Ten years ago, less than one fourth of patients with acute nonlymphocytic leukemia (ANLL) (acute myelocytic, myelomonocytic erythroleukemia, and monocytic leukemia) achieved complete remission of their disease with conventional or experimental chemotherapy. Today, two thirds or more of patients with that disease will achieve complete remission and, perhaps more importantly, the median duration of complete remission has been substantially improved recently by a combined modality approach to maintenance therapy. The result of these advances is that median survival of all treated patients, and of patients who achieve complete remission in particular, has greatly improved.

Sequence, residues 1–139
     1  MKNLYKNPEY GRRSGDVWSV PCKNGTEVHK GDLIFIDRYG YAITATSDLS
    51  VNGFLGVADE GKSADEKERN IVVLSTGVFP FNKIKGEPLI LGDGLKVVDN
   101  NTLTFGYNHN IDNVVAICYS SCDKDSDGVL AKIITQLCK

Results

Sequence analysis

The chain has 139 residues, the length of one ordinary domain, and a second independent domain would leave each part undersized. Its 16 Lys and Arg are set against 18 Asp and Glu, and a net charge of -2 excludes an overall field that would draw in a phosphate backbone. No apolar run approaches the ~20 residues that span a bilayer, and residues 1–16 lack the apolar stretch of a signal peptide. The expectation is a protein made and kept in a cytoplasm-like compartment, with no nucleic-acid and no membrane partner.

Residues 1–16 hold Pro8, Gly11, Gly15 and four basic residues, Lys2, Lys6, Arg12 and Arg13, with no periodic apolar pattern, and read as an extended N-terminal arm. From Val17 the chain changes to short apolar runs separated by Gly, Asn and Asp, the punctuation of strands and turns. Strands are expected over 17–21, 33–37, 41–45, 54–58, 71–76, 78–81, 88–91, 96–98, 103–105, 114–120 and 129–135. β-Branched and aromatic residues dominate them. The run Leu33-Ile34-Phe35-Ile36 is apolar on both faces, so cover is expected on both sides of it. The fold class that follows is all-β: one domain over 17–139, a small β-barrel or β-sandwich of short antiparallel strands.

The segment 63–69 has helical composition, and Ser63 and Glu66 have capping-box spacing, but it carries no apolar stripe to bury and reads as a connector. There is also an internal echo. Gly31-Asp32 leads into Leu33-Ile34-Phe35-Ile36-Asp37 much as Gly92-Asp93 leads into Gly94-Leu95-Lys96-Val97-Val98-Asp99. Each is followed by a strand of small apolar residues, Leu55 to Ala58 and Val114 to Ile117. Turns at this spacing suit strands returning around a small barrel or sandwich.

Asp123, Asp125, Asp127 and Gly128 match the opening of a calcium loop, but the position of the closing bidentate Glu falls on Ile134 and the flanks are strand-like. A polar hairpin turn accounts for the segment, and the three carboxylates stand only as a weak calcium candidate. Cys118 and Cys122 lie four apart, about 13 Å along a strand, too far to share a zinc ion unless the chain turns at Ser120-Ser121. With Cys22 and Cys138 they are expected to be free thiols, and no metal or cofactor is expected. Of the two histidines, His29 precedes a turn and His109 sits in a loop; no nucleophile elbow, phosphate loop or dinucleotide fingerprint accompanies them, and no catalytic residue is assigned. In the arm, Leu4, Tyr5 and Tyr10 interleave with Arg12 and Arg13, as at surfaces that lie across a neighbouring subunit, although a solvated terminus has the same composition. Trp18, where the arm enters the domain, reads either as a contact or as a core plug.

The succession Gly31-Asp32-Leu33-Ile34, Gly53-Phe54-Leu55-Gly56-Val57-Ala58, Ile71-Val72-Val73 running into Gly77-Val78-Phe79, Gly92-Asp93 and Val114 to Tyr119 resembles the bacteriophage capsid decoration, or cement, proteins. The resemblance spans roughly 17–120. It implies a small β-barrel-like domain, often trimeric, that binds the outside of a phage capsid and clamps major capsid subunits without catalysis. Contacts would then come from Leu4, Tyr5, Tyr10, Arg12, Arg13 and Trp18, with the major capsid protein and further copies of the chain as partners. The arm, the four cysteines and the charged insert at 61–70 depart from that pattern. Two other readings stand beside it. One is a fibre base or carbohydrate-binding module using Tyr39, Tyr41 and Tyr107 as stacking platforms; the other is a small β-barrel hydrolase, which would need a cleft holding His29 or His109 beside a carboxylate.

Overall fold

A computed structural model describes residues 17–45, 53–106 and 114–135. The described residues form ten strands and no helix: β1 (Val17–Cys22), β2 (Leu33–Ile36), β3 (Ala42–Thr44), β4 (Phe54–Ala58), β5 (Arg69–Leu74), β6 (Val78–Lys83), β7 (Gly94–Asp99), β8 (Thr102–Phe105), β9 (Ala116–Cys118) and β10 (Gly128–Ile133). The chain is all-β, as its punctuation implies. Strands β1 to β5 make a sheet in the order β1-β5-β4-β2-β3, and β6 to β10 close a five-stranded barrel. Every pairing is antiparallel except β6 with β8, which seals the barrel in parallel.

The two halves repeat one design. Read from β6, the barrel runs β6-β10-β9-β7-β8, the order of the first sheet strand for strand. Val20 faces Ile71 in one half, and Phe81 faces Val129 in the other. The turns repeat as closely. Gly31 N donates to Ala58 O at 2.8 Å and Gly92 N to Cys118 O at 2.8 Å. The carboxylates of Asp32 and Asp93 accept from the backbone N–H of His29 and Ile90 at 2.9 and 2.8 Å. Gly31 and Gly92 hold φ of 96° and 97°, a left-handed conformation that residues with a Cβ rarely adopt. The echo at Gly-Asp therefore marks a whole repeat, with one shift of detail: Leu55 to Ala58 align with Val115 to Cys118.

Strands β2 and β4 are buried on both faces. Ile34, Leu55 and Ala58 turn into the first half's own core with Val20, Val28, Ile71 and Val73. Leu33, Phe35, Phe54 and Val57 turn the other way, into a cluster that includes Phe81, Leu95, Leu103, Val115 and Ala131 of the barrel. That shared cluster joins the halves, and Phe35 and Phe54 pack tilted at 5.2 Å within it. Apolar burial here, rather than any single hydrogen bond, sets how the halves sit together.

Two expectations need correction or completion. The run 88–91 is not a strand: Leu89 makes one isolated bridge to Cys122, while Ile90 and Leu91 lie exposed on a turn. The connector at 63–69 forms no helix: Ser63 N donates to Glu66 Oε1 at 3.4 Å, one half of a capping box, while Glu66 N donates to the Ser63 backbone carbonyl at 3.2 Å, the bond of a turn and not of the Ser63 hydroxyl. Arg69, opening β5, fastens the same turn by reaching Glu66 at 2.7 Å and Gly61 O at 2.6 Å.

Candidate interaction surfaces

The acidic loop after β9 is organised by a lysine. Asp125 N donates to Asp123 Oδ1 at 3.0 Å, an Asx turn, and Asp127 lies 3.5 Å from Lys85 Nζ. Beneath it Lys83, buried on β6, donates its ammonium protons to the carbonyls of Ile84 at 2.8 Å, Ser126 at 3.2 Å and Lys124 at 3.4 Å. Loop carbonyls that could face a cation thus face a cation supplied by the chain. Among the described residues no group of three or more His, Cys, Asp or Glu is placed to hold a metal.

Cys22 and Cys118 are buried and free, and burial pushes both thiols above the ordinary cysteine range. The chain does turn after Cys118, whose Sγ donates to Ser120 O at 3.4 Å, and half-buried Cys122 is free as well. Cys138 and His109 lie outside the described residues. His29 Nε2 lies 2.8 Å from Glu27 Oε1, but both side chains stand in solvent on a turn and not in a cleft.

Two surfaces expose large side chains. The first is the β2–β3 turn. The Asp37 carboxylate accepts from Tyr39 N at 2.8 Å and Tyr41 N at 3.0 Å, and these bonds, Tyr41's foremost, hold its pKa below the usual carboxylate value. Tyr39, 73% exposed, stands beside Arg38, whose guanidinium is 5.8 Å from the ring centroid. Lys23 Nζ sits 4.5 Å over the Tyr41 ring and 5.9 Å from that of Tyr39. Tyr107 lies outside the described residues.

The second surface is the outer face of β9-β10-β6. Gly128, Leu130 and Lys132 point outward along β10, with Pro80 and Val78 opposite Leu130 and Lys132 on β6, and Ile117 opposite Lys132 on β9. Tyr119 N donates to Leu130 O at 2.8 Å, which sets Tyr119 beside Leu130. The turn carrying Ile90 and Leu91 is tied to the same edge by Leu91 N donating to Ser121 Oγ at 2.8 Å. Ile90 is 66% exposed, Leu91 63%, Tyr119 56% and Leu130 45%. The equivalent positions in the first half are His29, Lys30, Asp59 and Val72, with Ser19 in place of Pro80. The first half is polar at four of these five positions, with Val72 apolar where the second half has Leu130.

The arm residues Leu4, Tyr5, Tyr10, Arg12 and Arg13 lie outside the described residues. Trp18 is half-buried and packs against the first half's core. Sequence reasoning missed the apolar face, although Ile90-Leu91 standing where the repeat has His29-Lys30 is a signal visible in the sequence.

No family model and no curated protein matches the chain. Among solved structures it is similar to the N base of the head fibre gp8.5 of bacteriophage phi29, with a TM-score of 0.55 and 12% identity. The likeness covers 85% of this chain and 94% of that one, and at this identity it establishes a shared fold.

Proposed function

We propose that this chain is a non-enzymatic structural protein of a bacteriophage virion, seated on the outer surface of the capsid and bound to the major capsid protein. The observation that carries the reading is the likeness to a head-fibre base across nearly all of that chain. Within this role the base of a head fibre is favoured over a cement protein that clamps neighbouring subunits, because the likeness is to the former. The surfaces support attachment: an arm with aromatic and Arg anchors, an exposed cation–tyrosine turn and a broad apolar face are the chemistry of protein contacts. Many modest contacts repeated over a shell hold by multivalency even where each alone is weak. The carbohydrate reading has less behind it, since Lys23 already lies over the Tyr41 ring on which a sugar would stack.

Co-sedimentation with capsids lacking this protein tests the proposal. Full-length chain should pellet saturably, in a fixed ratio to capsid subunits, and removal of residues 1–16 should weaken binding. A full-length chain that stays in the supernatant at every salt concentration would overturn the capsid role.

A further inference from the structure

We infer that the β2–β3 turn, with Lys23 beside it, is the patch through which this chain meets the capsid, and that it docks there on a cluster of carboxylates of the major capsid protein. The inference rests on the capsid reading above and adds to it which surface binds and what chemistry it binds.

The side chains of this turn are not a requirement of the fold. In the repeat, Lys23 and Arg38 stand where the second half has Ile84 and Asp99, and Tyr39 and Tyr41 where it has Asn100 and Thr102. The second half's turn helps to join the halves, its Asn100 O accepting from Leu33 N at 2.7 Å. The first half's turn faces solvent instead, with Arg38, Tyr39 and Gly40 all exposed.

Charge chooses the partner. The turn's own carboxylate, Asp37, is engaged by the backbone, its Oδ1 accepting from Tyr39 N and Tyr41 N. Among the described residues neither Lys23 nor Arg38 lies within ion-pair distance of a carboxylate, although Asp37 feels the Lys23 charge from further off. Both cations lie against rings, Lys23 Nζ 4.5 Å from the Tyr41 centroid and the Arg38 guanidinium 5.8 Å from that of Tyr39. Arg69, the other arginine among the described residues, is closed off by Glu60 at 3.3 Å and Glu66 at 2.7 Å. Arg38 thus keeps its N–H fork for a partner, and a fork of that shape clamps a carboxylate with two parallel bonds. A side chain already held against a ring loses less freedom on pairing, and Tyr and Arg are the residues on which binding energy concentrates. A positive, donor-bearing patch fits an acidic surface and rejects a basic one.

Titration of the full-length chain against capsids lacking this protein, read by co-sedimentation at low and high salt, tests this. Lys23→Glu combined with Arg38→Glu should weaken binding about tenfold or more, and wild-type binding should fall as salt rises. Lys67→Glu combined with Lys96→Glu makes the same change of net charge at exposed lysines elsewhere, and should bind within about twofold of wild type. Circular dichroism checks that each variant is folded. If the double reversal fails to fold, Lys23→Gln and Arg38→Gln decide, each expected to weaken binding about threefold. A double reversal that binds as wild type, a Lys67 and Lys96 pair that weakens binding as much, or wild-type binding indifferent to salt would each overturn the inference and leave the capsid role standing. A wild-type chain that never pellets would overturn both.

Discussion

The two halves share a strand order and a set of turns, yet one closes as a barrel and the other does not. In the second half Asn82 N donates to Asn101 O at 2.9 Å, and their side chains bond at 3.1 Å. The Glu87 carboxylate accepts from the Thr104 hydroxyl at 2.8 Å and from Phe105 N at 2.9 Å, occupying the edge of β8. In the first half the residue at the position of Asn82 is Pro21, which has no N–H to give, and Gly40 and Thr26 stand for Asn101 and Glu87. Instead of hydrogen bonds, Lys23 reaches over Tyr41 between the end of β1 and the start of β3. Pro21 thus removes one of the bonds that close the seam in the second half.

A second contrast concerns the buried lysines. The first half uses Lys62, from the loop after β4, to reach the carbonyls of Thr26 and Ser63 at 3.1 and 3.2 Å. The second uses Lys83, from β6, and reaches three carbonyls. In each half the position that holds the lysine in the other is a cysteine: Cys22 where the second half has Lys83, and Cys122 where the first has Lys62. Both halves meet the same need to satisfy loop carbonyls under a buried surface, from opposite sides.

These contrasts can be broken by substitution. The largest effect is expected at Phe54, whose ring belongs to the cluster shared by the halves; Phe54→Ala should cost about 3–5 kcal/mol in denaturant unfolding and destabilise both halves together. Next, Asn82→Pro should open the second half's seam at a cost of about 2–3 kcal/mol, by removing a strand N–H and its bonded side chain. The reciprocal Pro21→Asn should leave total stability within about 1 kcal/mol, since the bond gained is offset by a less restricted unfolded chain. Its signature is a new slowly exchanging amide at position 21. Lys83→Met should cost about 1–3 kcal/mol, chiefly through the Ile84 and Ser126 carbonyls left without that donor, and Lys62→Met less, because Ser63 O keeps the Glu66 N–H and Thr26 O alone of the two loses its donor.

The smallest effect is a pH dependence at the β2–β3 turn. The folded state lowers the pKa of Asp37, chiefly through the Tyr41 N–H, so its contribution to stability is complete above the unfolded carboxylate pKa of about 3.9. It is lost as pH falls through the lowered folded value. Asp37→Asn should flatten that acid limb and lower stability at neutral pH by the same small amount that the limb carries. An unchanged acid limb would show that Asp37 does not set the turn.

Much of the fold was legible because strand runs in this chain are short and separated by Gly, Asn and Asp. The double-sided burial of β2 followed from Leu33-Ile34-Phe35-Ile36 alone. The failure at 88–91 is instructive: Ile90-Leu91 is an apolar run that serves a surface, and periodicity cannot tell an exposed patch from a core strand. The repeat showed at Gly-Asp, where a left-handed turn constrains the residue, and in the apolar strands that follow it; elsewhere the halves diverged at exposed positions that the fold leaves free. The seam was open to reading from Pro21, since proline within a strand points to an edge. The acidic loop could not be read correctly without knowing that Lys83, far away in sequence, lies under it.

Important improvements in supportive care, chemotherapy, and immunotherapy have together resulted in justifiable optimism for the control of ANLL in the foreseeable future.
Infection during induction therapy resulting from granulocytopenia secondary to the disease and/or its therapy has claimed the lives of more than 25% of patients with ANLL before an adequate